FIG. 5 illustrates a protective plate according to a third embodiment. A protective plate 3 comprises a support 20, an electroconductive laminate 10 bonded on the surface of the support 20 via an adhesive layer 70, a shatterproof film 40 bonded on the surface of the electroconductive laminate 10 via an adhesive layer 70, a color ceramic layer 30 provided at a peripheral portion on the surface of the support 20 on the opposite side from the electroconductive laminate 10, an electroconductive mesh film 80 bonded on the surface of the support 20 via an adhesive layer 70 so that a peripheral portion of the electroconductive mesh film 80 is overlaid on the color ceramic layer 30, and an electrode 90 provided at a peripheral portion of the protective plate 3 so as to electrically connect an electroconductive film 12 of the electroconductive laminate 10 to an electroconductive mesh layer (not shown) of the electroconductive mesh film 80. The protective plate 3 is an example wherein the electroconductive laminate 10 is provided on the observed side of the support 20 and the electroconductive mesh film 80 is provided on the PDP side of the support 20.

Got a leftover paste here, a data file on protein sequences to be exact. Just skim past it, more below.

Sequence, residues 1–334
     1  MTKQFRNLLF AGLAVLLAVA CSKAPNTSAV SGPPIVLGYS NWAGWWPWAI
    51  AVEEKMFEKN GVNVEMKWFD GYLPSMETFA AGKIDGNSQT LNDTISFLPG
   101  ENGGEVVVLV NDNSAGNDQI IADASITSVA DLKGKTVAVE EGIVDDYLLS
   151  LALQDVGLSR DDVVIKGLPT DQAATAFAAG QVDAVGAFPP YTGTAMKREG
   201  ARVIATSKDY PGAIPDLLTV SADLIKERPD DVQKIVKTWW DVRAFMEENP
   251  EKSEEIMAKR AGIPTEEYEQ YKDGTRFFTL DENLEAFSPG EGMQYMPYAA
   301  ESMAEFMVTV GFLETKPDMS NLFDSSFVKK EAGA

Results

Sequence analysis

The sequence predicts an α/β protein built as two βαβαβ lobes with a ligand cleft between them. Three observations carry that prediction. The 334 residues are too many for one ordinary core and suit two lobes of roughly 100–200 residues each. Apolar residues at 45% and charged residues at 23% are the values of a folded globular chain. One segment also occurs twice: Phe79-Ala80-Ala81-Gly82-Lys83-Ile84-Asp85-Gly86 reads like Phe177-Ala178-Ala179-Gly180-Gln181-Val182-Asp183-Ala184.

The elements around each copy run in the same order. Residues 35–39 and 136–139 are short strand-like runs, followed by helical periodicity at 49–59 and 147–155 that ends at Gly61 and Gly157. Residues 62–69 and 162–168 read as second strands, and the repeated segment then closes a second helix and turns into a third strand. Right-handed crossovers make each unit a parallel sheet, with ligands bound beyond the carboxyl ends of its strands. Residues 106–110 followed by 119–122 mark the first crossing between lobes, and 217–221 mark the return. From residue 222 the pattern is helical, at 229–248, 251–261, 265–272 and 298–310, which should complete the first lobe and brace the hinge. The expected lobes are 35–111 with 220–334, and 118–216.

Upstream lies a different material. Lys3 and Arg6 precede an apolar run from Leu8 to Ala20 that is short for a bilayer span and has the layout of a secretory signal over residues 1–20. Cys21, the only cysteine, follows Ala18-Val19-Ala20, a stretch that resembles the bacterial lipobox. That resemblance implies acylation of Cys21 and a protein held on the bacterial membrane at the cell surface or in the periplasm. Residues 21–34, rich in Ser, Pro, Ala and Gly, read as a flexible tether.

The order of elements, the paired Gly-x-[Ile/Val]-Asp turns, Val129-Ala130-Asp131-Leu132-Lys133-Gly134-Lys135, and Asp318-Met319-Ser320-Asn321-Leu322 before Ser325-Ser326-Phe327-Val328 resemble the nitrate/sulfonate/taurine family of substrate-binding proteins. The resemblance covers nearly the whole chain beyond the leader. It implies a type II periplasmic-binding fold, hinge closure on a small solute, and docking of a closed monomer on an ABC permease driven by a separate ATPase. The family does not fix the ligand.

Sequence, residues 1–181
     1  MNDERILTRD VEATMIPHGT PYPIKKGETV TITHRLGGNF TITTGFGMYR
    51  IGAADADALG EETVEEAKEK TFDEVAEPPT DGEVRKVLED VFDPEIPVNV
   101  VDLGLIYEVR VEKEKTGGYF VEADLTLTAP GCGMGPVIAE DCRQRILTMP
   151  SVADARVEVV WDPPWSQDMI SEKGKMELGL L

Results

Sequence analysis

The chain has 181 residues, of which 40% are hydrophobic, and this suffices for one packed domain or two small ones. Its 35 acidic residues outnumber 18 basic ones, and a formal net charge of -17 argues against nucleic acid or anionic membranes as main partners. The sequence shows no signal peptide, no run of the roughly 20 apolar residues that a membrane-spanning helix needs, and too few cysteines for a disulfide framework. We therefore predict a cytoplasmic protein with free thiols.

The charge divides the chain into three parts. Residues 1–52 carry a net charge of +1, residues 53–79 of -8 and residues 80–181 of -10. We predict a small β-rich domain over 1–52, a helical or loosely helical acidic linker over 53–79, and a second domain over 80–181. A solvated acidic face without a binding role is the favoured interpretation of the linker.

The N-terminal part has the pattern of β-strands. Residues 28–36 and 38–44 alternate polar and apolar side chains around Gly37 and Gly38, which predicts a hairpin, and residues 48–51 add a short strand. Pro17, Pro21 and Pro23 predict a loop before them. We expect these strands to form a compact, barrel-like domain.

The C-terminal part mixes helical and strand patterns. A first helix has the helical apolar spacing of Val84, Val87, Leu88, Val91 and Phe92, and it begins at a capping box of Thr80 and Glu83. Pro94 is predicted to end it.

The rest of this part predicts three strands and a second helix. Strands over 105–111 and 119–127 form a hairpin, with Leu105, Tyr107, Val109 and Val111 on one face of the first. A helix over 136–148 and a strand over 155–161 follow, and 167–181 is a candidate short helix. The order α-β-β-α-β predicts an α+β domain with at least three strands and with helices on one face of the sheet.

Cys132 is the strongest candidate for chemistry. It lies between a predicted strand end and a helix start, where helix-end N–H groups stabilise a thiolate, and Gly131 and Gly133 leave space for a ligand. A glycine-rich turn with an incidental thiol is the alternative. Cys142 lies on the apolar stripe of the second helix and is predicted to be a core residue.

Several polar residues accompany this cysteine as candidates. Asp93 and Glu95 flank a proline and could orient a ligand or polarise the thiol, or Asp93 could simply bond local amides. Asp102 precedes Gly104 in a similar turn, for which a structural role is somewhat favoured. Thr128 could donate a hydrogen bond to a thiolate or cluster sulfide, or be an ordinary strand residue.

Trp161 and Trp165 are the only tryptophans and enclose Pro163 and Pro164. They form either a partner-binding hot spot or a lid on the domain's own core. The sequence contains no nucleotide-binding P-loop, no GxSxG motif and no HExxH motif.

In the third embodiment, the same constituents as in the first embodiment are expressed by the same symbols as in FIG. 3 and their description is omitted.

The electroconductive mesh film 80 is one comprising a transparent film and an electroconductive mesh film made of copper formed on the transparent film. Usually, it is produced by bonding a copper foil to a transparent film, and processing the laminate into a mesh.

The copper foil may be either rolled copper or electrolytic copper, and known one is used property according to need. The copper foil may be subjected to surface treatment. The surface treatment may, for example, be chromate treatment, surface roughening, acid wash or zinc chromate treatment. The thickness of the copper foil is preferably from 3 to 30 μm, more preferably from 5 to 20 μm, particularly preferably from 7 to 10 μm. When the thickness of the copper foil is at most 30 μm, the etching time can be shortened, and when it is at least 3 μm, high electromagnetic wave shielding properties will be achieved.